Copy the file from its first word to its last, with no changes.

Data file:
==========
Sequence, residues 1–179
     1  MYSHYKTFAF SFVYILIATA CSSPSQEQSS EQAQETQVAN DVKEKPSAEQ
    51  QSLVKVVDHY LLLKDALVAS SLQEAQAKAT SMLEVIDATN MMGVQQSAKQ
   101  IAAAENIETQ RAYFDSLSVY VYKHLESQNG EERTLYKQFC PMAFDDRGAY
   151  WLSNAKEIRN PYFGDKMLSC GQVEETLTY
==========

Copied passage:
Sequence, residues 1–179
     1  MYSHYKTFAF SFVYILIATA CSSPSQEQSS EQAQETQVAN DVKEKPSAEQ
    51  QSLVKVVDHY LLLKDALVAS SLQEAQAKAT SMLEVIDATN MMGVQQSAKQ
   101  IAAAENIETQ RAYFDSLSVY VYKHLESQNG EERTLYKQFC PMAFDDRGAY
   151  WLSNAKEIRN PYFGDKMLSC GQVEETLTY